Helen Child

A high heeled walk through history…

Child & Co Fleet Street

The oldest private bank in the UK is Child & Co, now part of RBS; providing personal, private and business banking services to clients in the UK, including many of the UK’s biggest law and accountancy firms.   This hasn’t always been the case.  It was once run by one of my very distant ancestors a leading lady. One ahead of her time РSarah Sophia Child.

Once the bank to King William III, now with its Fleet Street premises are close to the law courts and the legal heart of London, Child & Co is considered the bank of choice within legal circles. Many barristers and lawyers join Child & Co as they’re starting out in their careers and remain with the bank throughout their working lives.

We love a little romance in the Child family…

Sir Francis Child and family resided at Osterley Park as featured in the book ‘And so to Bath’.  One chapter tells the wonderful story; an evocative imagine of a determined and high spirited Sarah Anne Child eloping with the Earl of Westmorland.  Her father and aides followed in their horse drawn carriages in hot pursuit.  The couple made it across the Scottish border and married in Gretna Green.  And yes they actually did live happily ever after!

It’s with a wry smile that I note these female characteristics are still seem to be hard wired into our genes three centuries later!!

So let’s delve a little deeper into the history of Child & Co…

It was one of the oldest independent financial institutions in the UK, and can trace its roots back to a London goldsmith business in the late 17th century. Sir Francis Child established his business as a goldsmith in 1664, when he entered into partnership with Robert Blanchard.

Sir Francis Child married Blanchard’s stepdaughter and inherited the whole business on Blanchard’s death. Renamed Child and Co, the business thrived, and was appointed the “jeweller in ordinary” to¬†King William III.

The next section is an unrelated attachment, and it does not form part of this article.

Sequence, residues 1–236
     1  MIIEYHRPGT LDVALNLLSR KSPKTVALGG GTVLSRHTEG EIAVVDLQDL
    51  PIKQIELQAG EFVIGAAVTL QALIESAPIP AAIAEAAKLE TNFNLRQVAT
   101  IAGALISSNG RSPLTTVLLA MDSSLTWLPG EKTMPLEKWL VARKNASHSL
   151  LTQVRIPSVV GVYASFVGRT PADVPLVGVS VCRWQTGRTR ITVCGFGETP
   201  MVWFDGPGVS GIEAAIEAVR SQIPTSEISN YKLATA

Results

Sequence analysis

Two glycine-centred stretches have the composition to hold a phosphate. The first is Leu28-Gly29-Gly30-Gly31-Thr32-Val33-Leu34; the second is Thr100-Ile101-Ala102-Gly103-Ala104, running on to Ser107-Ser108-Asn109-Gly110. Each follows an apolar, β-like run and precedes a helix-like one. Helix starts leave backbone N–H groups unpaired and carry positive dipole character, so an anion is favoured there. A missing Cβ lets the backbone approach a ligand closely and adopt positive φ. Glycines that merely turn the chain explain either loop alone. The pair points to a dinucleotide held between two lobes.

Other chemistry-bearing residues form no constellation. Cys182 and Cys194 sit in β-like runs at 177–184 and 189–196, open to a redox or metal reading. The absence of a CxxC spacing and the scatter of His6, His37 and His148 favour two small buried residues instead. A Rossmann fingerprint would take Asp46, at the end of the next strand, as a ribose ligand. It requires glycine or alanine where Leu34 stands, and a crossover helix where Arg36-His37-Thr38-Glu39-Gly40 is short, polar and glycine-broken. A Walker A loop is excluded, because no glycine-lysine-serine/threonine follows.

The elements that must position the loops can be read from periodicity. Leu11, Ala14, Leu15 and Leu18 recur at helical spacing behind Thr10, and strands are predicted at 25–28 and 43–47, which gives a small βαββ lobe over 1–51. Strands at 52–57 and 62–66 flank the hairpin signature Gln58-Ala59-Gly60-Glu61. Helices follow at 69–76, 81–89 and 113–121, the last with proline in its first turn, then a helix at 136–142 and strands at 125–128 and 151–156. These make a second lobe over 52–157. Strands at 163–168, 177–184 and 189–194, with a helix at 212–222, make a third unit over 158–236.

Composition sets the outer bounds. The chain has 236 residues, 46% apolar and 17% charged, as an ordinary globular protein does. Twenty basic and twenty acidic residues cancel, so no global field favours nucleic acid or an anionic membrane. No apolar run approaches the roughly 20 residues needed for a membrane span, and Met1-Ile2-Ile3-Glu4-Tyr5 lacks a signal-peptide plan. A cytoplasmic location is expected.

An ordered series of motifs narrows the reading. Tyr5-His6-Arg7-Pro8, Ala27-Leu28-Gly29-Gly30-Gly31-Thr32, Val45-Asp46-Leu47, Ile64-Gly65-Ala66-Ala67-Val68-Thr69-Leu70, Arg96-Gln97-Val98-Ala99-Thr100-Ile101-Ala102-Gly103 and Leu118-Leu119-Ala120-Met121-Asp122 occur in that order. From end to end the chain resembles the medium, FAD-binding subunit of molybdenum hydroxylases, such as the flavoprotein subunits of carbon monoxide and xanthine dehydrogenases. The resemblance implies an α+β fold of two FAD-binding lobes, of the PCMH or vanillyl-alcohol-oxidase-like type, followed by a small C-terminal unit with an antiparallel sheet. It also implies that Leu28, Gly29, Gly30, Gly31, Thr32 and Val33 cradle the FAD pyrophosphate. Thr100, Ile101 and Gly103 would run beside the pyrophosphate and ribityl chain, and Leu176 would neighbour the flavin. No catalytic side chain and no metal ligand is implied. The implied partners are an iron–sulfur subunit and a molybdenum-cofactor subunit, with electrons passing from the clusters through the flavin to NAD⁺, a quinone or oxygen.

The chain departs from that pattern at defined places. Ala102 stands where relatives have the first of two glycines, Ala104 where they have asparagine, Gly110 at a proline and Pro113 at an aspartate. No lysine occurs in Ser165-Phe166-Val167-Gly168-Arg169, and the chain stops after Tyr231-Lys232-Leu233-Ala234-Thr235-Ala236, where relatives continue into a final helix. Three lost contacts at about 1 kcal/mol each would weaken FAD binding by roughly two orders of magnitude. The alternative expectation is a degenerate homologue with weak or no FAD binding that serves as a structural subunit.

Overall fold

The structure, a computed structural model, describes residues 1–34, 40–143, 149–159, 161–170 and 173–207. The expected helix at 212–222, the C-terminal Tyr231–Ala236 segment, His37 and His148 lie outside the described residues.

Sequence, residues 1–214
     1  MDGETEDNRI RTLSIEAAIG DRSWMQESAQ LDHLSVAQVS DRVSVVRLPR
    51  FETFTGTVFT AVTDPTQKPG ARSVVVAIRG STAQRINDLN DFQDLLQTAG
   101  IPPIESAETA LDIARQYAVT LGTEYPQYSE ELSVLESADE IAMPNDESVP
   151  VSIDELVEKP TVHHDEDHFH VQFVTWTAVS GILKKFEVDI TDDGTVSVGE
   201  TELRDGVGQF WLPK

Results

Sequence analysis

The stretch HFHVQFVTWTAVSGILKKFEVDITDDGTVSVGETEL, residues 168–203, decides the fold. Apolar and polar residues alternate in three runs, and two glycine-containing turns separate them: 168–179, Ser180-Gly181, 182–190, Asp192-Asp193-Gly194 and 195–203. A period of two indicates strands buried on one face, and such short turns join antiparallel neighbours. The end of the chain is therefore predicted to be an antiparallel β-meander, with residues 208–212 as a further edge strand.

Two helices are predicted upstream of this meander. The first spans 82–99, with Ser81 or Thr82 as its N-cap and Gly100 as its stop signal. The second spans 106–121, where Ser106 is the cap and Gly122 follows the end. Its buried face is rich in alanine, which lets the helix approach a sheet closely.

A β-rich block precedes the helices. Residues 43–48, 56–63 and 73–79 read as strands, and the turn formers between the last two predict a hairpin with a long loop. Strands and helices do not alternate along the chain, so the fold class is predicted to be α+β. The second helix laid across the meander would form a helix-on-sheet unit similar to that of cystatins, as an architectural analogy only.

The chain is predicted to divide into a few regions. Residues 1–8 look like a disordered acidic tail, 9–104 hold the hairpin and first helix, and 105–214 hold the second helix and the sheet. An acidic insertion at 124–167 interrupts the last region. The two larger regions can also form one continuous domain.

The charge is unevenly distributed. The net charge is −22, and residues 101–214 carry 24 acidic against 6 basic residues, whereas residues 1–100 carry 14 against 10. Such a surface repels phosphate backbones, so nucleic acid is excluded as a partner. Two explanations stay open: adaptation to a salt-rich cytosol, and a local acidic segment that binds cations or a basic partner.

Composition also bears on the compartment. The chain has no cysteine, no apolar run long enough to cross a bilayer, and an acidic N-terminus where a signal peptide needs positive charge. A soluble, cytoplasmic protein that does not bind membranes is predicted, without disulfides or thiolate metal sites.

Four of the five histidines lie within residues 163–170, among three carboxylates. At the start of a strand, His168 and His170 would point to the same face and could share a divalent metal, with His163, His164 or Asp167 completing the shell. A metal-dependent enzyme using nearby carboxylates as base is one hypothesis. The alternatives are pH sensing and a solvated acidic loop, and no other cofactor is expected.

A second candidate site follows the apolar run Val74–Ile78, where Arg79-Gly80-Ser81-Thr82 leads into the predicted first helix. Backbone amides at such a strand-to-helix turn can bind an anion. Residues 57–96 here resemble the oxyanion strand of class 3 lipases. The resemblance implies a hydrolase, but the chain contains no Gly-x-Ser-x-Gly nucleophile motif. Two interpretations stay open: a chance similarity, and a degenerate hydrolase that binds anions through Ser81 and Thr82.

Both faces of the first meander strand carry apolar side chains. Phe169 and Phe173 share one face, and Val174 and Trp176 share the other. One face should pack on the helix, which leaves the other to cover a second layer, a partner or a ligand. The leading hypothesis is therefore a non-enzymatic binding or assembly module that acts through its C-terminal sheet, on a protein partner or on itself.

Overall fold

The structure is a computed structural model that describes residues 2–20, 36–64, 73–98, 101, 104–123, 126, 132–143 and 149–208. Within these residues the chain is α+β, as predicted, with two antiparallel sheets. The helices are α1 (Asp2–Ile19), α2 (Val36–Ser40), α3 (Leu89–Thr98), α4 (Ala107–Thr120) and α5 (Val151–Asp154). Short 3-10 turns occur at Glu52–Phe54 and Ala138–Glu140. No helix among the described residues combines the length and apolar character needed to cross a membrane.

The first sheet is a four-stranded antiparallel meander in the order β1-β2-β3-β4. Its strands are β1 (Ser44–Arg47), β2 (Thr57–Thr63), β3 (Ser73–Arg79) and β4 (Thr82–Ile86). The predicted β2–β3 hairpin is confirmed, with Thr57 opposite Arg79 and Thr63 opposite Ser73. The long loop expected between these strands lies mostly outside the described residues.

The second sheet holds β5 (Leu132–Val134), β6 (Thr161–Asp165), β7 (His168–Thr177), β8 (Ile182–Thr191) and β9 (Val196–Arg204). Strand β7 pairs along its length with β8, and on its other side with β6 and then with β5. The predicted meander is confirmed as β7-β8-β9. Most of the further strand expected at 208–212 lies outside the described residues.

After Child died in 1713, his three sons ran the business, and during this time, the business transformed from a goldsmith’s to a fully fledged bank. The bank claims it was the first to introduce a pre-printed cheque form, prior to which customers simply wrote a letter to their bank but sent it to their creditor who presented it for payment. Its first bank note was issued in 1729.

Image result for child & co fleet street

By 1782, Child’s grandson¬†Robert Child¬†was the senior partner in the firm. However, when he died in 1782 without any sons to inherit the business, he did not want to leave it to his only daughter,¬†Sarah Anne Child, because he was furious over her elopement with¬†John Fane, 10th Earl of Westmorland earlier in the year. To prevent the Earls of Westmorland from ever acquiring his wealth, he left it in trust to his daughter’s second surviving son or eldest daughter. This turned out to be¬†Lady Sarah Sophia Fane, who was born in 1785. She married¬†George Child-Villiers, 5th Earl of Jersey¬†in 1804, and upon her majority in 1806 she became senior partner. She exercised her rights personally until her death in 1867. At that point the Earl of Jersey & Frederick William Price of¬†Harringay House¬†were appointed as the two leading partners.[2]¬†Ownership continued in the Jersey family until the 1920s.

Child & Co. at 1 Fleet Street, London

In 1923,¬†George, 8th Earl of Jersey¬†sold the bank to¬†Glyn, Mills & Co., a London-based commercial bank.¬†Williams Deacon’s Bank¬†acquired Glyn’s in 1939 (both subsequently taken over by the¬†Royal Bank of Scotland¬†and known as¬†Williams & Glyn’s Bank¬†from 1970 to 1985), retaining Child & Co. as a separate business, as which it continues to this day at No. 1 Fleet Street, EC4.

Did you know?

  • The bank‚Äôs ‚ÄòMarygold‚Äô logo is based on a sign first referred to in 1544. At that time, and into the 18th century, pictorial street signs were common as illiteracy was widespread and street numbers rare. By 1661 the ‘Marygold’ sign was hanging outside premises in the Strand occupied by the goldsmith Robert Blanchard which survived the Plague and the Great Fire of London. In 1673 Robert Blanchard took the sign with him when he moved to part of the bank‚Äôs current site in Fleet Street.
  • In 1988 Child & Co adopted a new logo, based on the Marygold¬†symbol. The flower and sun motif remains at the heart of the brand‚Äôs identity today, as it has done since at least 1661.

So a little walk through history, interesting stuff and a few interesting comparisons…

Striding Edge, the name for my Payments Consultancy is as it happens the name is taken from the highest peak in the UK which is in what was the old county of Westmorland.

I am however still patiently waiting for an Earl to whisk me off my feet…my destiny seems to be the alternative route!! ¬†So I‚Äôll continue rolling up my sleeves and innovating within banking and finance sector.¬† J

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Images courtesy of RBS and Wikipedia who retain copyright